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Astronomers See Light from Extrasolar Planets

extrasolar planet



NASA/JPL/Caltech-R. Hurt
For the first time, astronomers have directly detected light coming from planets outside our solar system. Two separate research teams announced their findings yesterday.

So far, astronomers have discovered some 130 stars outside our solar system that have planets orbiting them. All of these were initially detected using indirect methods, such as analyzing the effect they have on their star's position. Now a team led by Drake Deming at NASA's Goddard Space Flight Center has measured light from the planet known as HD 209458b, which orbits a star 153 light-years away from our planet. David Charbonneau of the Harvard-Smithsonian Center for Astrophysics and his colleagues, meanwhile, observed the light from the planet TrES1, located more than three times as far away near the constellation Lyra.

The two groups used the same technique to measure the light from the far away worlds. "Planets like TrES-1 are tiny and faint compared to their stars, but the one thing they can't hide is their heat," remarks Charbonneau. "We are like detectives. Previous clues told us the planet must be there, so we put on our 'infrared goggles' and suddenly, it popped into view." The researchers used the infrared region because in it, the star is only about 400 times brighter than the planet, whereas the star outshines TrES-1 by about 10,000 times in the visible light spectrum. By observing the changes in light intensity as the planet passed behind its star, the scientists were able to separate out the planet's contribution to the glow.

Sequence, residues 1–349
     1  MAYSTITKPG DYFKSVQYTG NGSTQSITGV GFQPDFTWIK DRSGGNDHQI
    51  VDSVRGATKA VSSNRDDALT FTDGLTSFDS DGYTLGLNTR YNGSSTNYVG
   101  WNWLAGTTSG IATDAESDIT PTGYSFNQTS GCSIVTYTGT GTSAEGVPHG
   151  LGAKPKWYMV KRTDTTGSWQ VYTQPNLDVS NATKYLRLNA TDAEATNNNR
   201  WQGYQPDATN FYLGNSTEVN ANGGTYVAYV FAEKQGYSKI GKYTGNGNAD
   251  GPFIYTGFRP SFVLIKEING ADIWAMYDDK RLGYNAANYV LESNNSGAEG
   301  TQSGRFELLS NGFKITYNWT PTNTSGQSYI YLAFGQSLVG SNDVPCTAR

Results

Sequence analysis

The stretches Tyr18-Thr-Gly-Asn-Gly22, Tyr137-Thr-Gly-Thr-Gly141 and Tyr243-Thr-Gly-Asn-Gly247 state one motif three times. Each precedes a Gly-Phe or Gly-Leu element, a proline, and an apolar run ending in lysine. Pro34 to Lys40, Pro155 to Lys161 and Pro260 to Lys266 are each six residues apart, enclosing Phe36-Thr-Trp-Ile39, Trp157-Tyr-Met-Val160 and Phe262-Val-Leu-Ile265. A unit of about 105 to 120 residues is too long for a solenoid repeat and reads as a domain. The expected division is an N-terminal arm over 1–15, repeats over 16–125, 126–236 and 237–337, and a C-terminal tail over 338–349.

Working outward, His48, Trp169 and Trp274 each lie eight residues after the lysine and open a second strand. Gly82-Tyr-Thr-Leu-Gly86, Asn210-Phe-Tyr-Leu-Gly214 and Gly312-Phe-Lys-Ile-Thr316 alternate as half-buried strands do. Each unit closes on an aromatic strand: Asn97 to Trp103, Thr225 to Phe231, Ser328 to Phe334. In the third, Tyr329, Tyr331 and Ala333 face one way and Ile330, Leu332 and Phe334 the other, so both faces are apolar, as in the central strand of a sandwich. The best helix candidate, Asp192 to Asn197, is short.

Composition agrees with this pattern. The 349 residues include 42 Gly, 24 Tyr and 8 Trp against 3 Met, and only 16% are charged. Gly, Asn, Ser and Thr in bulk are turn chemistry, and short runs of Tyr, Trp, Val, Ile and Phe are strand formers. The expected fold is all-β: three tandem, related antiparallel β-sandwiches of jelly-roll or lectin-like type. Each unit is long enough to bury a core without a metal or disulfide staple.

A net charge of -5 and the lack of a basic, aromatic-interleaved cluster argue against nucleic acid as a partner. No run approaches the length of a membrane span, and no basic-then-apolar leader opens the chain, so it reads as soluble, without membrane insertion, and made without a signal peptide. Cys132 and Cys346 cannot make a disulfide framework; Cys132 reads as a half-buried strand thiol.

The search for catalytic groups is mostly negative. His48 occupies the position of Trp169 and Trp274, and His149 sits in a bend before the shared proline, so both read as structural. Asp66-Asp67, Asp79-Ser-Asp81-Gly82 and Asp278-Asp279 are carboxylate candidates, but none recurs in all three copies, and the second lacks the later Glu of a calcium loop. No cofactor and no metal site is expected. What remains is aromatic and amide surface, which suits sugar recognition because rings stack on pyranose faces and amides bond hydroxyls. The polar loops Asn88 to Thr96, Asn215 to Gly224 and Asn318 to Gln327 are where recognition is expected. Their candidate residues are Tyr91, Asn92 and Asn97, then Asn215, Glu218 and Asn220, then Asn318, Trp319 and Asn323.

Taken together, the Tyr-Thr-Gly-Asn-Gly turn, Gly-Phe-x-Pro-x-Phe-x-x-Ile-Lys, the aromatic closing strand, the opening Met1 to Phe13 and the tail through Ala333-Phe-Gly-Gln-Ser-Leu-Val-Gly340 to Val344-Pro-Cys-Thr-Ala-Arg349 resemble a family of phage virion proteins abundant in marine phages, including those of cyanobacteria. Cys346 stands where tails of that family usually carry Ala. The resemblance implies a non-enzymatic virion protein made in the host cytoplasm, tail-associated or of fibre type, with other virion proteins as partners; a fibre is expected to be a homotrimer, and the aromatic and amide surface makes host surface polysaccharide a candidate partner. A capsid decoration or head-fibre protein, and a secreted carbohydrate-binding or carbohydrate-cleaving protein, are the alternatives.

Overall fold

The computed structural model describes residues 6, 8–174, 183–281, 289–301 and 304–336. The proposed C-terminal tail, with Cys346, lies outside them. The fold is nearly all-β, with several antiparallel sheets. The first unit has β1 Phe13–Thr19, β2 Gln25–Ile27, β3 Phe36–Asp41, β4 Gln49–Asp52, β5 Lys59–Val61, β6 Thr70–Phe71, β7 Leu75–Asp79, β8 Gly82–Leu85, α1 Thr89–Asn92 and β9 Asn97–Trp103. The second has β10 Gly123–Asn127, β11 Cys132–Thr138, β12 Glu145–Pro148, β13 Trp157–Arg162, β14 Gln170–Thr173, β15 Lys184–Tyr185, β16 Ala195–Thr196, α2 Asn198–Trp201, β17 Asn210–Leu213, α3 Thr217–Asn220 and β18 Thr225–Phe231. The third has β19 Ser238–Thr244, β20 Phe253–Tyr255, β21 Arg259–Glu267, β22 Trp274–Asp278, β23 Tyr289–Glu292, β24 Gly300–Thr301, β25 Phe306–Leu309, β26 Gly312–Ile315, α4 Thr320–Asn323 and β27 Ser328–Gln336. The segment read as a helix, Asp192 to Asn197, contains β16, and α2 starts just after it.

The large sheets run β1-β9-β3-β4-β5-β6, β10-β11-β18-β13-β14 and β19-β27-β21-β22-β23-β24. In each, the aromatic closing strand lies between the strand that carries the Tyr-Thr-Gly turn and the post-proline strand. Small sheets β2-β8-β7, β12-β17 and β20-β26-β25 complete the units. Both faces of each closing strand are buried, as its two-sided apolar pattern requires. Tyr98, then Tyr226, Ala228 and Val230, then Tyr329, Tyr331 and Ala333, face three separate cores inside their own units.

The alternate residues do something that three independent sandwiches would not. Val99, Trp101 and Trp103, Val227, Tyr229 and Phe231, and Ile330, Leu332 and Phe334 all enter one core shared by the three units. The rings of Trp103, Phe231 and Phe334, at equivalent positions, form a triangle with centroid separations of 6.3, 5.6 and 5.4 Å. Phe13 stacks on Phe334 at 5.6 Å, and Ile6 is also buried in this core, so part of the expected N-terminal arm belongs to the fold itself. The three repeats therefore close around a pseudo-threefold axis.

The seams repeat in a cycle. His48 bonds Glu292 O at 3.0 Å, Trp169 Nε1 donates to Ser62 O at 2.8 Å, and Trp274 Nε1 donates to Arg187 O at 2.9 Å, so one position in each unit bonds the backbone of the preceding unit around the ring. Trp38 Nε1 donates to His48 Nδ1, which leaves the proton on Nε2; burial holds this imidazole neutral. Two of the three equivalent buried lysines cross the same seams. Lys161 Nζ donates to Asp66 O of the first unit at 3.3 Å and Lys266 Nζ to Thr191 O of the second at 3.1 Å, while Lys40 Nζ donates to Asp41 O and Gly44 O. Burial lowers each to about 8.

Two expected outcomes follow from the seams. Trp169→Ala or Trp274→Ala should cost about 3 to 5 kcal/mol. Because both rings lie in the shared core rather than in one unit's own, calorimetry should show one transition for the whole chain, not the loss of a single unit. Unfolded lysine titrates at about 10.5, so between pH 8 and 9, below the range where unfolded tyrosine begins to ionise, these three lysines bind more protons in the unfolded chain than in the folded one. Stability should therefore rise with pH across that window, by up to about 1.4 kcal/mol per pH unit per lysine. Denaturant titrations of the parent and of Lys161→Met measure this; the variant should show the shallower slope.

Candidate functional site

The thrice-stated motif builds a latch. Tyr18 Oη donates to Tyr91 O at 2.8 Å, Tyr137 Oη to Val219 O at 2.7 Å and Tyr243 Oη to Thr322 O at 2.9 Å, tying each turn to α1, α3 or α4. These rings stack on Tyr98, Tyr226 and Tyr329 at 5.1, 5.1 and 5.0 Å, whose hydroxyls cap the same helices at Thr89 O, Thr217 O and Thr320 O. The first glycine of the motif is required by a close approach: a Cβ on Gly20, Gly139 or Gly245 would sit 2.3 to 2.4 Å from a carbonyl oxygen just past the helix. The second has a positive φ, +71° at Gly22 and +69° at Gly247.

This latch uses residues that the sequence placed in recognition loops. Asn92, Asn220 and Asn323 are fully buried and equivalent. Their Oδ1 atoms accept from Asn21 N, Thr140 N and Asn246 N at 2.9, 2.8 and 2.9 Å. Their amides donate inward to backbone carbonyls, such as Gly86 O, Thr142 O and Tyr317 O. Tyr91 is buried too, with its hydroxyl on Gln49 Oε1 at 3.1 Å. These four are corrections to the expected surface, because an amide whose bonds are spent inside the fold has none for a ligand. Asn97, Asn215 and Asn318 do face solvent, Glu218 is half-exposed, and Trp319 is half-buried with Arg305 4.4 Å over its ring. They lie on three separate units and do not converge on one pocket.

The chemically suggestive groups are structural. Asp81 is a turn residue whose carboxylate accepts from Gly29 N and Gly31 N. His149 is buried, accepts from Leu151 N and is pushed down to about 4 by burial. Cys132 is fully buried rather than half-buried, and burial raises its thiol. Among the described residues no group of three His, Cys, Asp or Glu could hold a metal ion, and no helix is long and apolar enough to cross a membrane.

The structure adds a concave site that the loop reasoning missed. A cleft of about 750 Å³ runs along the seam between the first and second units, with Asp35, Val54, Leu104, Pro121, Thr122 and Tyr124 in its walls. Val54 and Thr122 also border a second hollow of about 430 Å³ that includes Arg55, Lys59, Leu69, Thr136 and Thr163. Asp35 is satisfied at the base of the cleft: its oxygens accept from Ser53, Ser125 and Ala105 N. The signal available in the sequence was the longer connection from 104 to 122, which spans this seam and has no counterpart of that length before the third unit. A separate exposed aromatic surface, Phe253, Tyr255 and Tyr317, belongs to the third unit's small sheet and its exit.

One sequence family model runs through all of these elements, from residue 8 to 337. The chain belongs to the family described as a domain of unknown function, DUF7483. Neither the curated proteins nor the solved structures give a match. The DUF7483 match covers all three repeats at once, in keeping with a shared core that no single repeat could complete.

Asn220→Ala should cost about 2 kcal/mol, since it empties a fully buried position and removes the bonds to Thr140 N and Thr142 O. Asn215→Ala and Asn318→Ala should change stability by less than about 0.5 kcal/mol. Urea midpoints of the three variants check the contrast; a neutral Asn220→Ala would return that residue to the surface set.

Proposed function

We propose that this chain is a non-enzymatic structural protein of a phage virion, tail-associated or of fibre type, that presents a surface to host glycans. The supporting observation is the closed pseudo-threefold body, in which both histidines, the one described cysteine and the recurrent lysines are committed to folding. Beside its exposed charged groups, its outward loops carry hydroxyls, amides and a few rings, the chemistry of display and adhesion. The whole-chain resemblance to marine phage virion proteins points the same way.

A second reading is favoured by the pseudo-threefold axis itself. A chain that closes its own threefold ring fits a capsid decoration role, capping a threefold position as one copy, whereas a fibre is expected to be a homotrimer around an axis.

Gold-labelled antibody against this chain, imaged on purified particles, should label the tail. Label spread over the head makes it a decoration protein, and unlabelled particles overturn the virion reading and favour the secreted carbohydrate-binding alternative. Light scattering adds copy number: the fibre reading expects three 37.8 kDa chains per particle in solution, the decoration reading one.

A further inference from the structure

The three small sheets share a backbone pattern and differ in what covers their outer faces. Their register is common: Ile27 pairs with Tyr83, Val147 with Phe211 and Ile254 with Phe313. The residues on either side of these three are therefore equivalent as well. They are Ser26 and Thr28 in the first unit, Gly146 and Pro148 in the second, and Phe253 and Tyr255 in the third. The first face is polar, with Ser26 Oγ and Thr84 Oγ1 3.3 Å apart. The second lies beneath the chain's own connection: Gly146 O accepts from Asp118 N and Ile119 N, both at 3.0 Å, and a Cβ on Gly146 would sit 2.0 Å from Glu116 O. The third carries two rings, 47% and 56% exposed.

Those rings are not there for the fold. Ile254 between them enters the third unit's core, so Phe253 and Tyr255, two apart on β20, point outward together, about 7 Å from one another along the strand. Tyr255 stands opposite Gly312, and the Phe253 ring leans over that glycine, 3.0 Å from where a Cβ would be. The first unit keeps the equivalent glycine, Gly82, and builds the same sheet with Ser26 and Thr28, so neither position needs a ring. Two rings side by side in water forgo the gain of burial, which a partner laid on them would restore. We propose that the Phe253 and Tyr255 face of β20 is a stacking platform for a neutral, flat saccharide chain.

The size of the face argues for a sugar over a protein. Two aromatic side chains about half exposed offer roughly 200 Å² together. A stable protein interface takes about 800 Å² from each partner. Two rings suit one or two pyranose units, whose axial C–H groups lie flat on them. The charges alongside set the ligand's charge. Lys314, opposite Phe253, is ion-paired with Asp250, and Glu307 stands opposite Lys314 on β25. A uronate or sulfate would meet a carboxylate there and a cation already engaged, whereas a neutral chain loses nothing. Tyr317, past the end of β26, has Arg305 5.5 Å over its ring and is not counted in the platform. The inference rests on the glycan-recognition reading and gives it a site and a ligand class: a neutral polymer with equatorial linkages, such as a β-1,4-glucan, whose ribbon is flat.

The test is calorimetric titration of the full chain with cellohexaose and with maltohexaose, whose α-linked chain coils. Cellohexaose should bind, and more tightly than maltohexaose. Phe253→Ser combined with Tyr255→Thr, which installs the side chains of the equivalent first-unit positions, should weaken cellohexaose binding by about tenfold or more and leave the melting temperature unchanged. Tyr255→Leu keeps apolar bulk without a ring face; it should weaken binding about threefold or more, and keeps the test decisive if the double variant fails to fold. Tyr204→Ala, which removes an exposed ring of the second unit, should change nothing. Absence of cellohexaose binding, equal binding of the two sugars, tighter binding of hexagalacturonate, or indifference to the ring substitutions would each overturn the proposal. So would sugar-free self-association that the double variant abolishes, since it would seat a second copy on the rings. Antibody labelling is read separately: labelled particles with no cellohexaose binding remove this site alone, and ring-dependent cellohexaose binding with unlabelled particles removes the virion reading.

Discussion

The researchers determined the TrES-1 reaches about 1,450 degrees Fahrenheit and has a reflectivity of only 31 percent, which means that it absorbs the majority of light that falls on it from its nearby star. HD 209458b, on the other hand, reaches 1,574 degrees Fahrenheit. "Detecting light from these other worlds is very exciting," remarks HD 209458b team member Sara Seager of the Carnegie Institution. "It opens a whole new window on these objects. It's the beginning of our ability to study their temperature, and composition." Papers describing the findings will be published in the April 7 issue of Nature and the June 20 issue of the Astrophysical Journal.

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